Sometimes I feel that there should be a disclaimer at the top of these columns. Something on the order of “I’m fine. I’m a one-percenter, all things considered. I have a job still, my wife works, we have internet and Wi-Fi and more streaming services than we use. We own a house with a backyard and a Barn to escape to. We have plenty of food. For God’s sake, don’t worry about me.”

And, still, I complain. I’m getting sick of food. You are, understandably, telling me, “People are starving all over the world and you’re sick of food?”

Yes, and I agree it’s the epitome of first-world problems. If I were a billionaire, I might be sick of money. If I were a Trumpster I might be sick of winning.

I don’t know, maybe I’m just sick of being home 24 hours a day for 55 days now—1,320 hours, 165 times wondering what I should have for my next meal—and food is the one thing that most reminds me most of my life in exile.

The Post’s chief bon vivant, Steve Lowery, asked me what my typical day is like, and I told him the days aren’t typical, they’re identical. It’s “Groundhog Day,” without making any progress whatsoever, unless you count staying alive for another day.

Wake up, do a quick self-diagnosis for COVID, make coffee, eat food, attend a Zoom meeting with the Post staff, read the news, cruise Facebook and Twitter, eat food, write a column, have cocktails, eat food, watch TV while eating food, read, sleep. To add some spice to my existence, I occasionally shave.

Where does all this food come from? Everywhere. The Instacart delivery woman from Ralphs just dumped eight or nine sacks of food on my porch. Nature Valley granola bars, various cups of yogurt, bread, a mess of wine, pasta, oatmeal, snacks, condiments, rice, potatoes, cheese. More things than I can remember.

And more times, usually at dinner, delivery people (who I truly appreciate because they’re risking their lives to bring me stuff, so I tend to tip the maximum allowed by law) from Grubhub and Postmates bring us dinners from a dozen different restaurants, this after my wife asks where I want to get take-out from, and I always respond with a heavy sigh of despair. “God, I don’t know,” I say, because I don’t. Anything’s fine. I can live on Cheerios.

And anyway, weren’t we all supposed to be living on astronaut food by now? Back in the 1960s during the Space Age we all thought surely food would just be in tubes. Just grab a tube labeled “dinner” and squeeze it into your mouth and you’ve just had a nice, well-balanced serving of the food pyramid.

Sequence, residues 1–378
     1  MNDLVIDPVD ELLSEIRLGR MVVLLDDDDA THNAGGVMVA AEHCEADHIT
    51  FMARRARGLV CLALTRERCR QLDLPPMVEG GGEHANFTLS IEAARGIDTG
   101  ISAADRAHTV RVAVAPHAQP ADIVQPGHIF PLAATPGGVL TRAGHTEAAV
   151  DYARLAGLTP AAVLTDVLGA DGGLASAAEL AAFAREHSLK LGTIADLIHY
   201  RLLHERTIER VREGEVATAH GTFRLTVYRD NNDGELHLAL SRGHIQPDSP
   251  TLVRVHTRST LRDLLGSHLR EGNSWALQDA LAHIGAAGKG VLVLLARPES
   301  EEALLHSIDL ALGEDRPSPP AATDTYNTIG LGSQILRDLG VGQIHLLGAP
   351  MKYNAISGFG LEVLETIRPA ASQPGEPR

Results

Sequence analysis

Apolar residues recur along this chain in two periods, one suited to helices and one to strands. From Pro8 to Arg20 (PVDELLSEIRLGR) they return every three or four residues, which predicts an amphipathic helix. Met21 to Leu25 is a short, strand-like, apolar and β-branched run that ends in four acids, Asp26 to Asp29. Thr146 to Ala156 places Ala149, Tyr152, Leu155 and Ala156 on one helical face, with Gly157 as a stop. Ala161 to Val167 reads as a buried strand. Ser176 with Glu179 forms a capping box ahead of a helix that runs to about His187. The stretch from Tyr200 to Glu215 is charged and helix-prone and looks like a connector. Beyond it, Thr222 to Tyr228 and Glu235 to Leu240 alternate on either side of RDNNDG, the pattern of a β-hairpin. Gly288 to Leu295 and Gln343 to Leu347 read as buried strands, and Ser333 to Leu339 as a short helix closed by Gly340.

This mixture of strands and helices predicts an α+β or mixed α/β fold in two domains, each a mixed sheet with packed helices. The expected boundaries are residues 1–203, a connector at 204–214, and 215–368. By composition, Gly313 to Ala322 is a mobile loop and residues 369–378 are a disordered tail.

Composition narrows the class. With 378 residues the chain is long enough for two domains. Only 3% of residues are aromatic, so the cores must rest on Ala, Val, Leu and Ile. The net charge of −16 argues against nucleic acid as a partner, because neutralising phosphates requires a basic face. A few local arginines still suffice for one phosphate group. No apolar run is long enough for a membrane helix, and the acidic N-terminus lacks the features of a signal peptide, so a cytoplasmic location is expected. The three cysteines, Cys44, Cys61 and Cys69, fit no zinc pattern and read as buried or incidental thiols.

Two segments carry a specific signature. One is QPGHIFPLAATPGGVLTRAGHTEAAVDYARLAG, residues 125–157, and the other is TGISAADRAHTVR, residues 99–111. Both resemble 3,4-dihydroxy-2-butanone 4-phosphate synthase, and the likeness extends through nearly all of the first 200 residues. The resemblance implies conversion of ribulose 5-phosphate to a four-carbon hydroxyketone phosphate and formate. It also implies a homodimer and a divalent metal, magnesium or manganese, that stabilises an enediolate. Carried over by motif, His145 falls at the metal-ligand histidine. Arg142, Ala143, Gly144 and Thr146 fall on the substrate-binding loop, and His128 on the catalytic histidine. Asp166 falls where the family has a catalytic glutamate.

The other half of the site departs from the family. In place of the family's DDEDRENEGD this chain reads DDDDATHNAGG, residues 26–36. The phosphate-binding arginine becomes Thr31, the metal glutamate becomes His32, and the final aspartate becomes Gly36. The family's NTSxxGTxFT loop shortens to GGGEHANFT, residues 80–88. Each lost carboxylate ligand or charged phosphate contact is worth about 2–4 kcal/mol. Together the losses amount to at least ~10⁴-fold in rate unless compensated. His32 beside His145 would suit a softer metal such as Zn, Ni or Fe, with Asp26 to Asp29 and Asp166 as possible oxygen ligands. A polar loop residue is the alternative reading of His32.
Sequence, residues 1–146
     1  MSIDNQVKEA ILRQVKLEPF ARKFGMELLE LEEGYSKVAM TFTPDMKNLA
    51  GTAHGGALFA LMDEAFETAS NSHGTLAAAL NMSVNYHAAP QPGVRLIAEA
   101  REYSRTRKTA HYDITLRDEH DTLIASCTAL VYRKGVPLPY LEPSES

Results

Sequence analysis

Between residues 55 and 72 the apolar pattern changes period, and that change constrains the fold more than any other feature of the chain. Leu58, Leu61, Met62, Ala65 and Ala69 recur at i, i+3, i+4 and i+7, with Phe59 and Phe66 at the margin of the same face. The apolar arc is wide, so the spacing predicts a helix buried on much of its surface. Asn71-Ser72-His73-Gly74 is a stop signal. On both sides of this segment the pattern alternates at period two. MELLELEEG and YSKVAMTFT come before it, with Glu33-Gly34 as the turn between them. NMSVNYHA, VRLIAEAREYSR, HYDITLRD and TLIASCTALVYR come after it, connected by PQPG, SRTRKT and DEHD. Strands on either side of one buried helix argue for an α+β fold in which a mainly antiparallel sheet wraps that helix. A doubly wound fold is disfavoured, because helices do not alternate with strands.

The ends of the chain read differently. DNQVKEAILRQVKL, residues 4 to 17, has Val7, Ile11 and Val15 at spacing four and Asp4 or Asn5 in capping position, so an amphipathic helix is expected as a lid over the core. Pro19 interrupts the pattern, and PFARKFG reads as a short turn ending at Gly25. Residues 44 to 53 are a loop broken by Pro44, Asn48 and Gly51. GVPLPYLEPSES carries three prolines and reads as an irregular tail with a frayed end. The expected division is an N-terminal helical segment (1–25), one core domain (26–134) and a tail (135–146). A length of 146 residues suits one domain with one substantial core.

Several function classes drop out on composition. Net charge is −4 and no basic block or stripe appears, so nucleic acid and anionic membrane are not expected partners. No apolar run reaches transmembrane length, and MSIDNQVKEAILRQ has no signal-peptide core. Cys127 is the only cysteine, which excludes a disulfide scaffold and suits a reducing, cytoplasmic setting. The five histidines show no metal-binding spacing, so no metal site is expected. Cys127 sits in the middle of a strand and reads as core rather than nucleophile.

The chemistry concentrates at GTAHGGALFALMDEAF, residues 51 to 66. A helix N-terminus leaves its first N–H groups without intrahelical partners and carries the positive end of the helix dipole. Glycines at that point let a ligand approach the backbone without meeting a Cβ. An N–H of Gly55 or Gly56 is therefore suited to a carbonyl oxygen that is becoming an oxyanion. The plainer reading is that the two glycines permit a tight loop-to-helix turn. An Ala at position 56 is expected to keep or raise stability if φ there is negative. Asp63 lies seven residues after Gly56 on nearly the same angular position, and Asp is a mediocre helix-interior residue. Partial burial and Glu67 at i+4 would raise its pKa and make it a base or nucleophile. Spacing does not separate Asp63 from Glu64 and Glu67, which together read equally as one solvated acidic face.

Food is a stupid thing to get sick of. I know this. But I’m not alone. One of my faithful email correspondents writes, “I am so sick of fast food, delivered food, food in cardboard or ersatz Styrofoam (along with plastic, an environmental nightmare)  food getting cold as I speed to my secret hideaway near Alamitos Bay. (Talk about first world problems. We have food and I complain.)”

Maybe it would help if I had more adventuresome tastes, like my colleague Brian Addison, who’s never eaten the same thing twice. It’s bibimbap one night and miang khan the next, with a nice snack of chole bhature. My tastes were genetically installed in me by my Iowan forebears, who thought fancy food was pineapple slices on ham. And I’m not much more sophisticated. If I want to go exotic, I’ll try the Italian fare of spaghetti and meatballs, or a traditional Mexican sandwich called the taco.

I could build a rental property in my backyard with all the food containers that have landed on my front porch, but of course I put what I can in the recycle bin and rest happily knowing it will all be turned into guitar straps, wallets and Adidas Parley shoes by young and innovative entrepreneurs.

What would I like, you’re asking. What will, if nothing else, shut me up for a minute? I’d like to go to a crowded restaurant or a bar that serves food—The Ordinarie would hit the spot— sit down with my family and friends amid all the racket of a busy kitchen and chatting diners, talk about something non-COVID-related and watch the Dodgers or Lakers on TV.

What would I order? I don’t care! I’ll have what she’s having.

Tim Grobaty is a columnist and the Opinions Editor for the Long Beach Post. You can reach him at 562-714-2116, email [email protected], @grobaty on Twitter and Grobaty on Facebook.